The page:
My Grandmother’s Courage in Faith, by Deep Kaur Jodhka

Holding Hands

I have spent the last three days in the comfort of my grandmother’s presence. I have learned more about my history by sitting in her room than I have by visiting the elaborate palaces in Rajasthan or traveling the Punjab countryside.

Today I awoke suddenly, unsure of where I was, and for a brief moment I panicked. But as my eyes grew accustomed to the darkness, familiar forms began to take shape—the hand-stitched tapestry draped on the wall, my luggage on the floor, my aunt snoring softly beside me. I am in my grandparents’ home in Haryana, India and my phone says it is 5:00 am. My grandmother will already be awake, I think to myself. She rises early. Her mind is most receptive in the early morning, she once told me. Even when the world outside her door lies dormant in a deep slumber, she can feel life all around her. So long before the street vendors have opened their shops, before the noise of autorickshaws and scooters punctuate the morning stillness, before the hum of the city can penetrate the concrete walls of her home, before all of this, my grandmother wakes and she prays.

I slip into my chappala and cross the veranda to my grandmother’s room. I was right, she is awake. She’s sitting cross-legged on her bed, strands of rich silver peeking out from underneath her chunni. Her hands are clasped together in her lap and she is silently mouthing the verses of Sukhmani Sahib. She sees me in the doorway and beckons for me to join her. When she smiles, it is a kind one. It reminds me of my mother’s smile.

I crawl into the bed next to her and she tucks her blanket around my feet. Her hands are experienced, her touch is tender. And we sit like that, side-by-side on the bed in silence, both steeped in our own sacred thoughts.

I have spent the last three days in the comfort of my grandmother’s presence. I have learned more about my history by sitting in her room than I have by visiting the elaborate palaces in Rajasthan or traveling the Punjab countryside. And now, everything in her room from the cracked stucco walls to the marble floors have meaning to me. They resonate with more stories of love and strength and uncompromising faith than I could have ever imagined.

Like, for example, that old photograph sitting on the shelf of my grandfather, his dhari twisted in a tight knot underneath his chin. Even when he was well in his 80’s, he always began his day with a three-mile walk to the Gurdwara. Then one day he was struck by a motorcycle and he spent the last two years of his life in a bed, unable to even walk to the bathroom without my grandmother’s guiding arm. He was only a shell of his former self when he died seven years ago. But through it all, my grandmother was tethered to her husband, bonded by love and a commitment so deep that in my grandfather’s darkest moments, when he would cry in despair and call out for death to take him, she would sit by his side and recite Ardaas, praying that her husband would be blessed with shaanti, peace of mind. And when my grandfather finally left his shattered body behind, she continued to recite an Ardaas for him every morning, without fail. Where do I even begin to describe this devotion, so strong that it endures long after death.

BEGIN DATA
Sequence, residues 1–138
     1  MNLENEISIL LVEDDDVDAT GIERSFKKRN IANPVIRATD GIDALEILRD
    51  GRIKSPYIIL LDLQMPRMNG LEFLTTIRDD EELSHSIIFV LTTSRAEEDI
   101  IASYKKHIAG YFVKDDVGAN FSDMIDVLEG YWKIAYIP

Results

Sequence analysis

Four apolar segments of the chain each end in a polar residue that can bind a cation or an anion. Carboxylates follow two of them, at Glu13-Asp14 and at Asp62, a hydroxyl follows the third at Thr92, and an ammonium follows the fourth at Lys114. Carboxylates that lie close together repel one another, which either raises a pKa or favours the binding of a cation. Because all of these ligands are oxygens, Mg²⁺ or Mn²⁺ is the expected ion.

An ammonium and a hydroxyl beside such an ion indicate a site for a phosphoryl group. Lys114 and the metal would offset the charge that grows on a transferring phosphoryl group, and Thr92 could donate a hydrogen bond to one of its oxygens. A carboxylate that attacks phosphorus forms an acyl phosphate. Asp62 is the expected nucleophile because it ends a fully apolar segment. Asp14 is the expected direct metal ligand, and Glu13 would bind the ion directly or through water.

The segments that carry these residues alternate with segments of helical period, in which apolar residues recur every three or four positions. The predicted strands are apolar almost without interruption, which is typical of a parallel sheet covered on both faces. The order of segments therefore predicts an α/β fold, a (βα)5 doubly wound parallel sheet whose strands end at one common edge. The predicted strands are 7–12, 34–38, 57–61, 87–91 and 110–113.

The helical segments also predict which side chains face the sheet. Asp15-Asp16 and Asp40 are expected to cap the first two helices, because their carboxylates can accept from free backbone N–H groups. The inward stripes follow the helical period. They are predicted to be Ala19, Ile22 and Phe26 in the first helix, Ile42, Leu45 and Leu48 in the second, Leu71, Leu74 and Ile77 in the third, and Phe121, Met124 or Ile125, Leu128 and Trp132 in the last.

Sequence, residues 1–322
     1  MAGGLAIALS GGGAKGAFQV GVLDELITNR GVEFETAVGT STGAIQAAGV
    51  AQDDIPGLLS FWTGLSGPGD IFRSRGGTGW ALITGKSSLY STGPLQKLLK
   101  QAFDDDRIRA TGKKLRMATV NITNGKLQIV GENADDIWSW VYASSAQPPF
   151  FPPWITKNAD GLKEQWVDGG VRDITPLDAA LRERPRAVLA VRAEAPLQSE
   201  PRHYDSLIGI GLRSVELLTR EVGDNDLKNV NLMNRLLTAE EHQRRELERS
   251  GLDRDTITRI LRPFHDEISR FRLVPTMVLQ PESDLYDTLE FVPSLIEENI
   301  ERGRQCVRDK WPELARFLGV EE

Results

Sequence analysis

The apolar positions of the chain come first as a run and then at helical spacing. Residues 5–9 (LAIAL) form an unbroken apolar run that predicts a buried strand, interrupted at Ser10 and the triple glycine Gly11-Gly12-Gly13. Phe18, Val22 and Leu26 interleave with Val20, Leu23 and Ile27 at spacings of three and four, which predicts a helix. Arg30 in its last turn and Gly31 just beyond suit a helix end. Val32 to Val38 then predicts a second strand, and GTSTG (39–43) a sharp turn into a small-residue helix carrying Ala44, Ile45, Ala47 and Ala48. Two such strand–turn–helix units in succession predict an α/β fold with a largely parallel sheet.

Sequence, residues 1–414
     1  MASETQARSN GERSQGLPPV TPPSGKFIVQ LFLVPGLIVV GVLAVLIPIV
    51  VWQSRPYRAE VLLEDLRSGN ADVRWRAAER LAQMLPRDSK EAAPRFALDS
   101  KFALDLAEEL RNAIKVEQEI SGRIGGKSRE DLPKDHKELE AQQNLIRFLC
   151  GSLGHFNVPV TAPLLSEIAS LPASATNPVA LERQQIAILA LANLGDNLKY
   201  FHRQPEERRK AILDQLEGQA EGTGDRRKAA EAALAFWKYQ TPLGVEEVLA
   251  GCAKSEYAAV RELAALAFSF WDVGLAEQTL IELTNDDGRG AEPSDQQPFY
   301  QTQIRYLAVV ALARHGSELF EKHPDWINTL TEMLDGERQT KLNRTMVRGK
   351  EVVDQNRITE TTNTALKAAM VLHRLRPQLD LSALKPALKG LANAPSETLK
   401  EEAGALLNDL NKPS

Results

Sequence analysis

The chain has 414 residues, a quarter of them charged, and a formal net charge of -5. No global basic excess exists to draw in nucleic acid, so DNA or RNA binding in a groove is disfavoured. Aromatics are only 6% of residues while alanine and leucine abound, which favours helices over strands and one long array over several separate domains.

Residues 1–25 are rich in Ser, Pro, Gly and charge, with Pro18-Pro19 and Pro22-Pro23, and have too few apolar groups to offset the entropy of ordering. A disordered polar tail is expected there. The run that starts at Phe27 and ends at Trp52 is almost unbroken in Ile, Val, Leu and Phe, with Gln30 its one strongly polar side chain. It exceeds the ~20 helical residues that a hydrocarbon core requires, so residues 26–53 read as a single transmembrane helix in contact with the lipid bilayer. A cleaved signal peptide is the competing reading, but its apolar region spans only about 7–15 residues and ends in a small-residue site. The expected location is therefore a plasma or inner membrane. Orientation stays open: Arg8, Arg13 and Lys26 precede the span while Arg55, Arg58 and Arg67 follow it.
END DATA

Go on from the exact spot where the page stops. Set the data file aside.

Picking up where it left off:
There’s also that picture of Sri Harimandir Sahib that hangs opposite my grandmother’s bed. When I first arrived I didn’t think twice about it. But now I can’t help but wonder what my grandmother sees when her eyes come to rest on that holy shrine. Does it remind her of her heartbreaking first journey to Amritsar sixty-five years ago? Of being violently torn from Lyallpur, the only home and town she knew, and forced to resettle in a strange land? Of the friends and family she lost in the bloody strife that tore her India apart? Or maybe when she gazes at the picture, she is reminded of the countless times she has returned to Amritsar since then to seek solace in her Guru’s abode. Maybe it reminds her of her own strength to carry on despite her harrowing past, to accept her earthly experiences as hukam with both courage and grace.

Then there’s that bag my grandmother keeps by her bedside, filled to the brim with candies and other sweet treats. It’s for the children, my grandmother explained to me during my first day in Haryana. As soon as school lets out for the day, children from all over the neighborhood converge in my grandmother’s room, searching for the treats in the folds of her white suit. My grandmother generously shares her wealth with them. She laughs and hugs her pothrea, because that is exactly who they are to her; they are her grandchildren. She treats them as though they are her own, she loves them as though they are her own, because to her, they are her own. Her philosophy is simple as it is powerful.

So when my grandmother finally breaks her silence and pulls me into a tight embrace, I take stock in the wisdom she is quietly sharing with me. It is the same message revealed to me when I look around her room of sixty years. And like my grandmother, the message is a humble one.

There is strength in love. There is courage in faith.
Don’t give up on either one.

ਪ੍ਰਭ ਕੀ ਆਗਿਆ ਆਤਮ ਹਿਤਾਵੈ
One who, in her soul, loves the Will of Waheguru,
ਜੀਵਨ ਮੁਕਤਿ ਸੋਊ ਕਹਾਵੈ
is said to be Jivan Mukta – liberated while yet alive.
ਤੈਸਾ ਹਰਖੁ ਤੈਸਾ ਉਸੁ ਸੋਗੁ
As is joy, so is sorrow to her.
ਸਦਾ ਅਨੰਦੁ ਤਹ ਨਹੀ ਬਿਓਗੁ
She is in eternal bliss, and is not separated from Waheguru.

(Photo above from Express Tribune blog)

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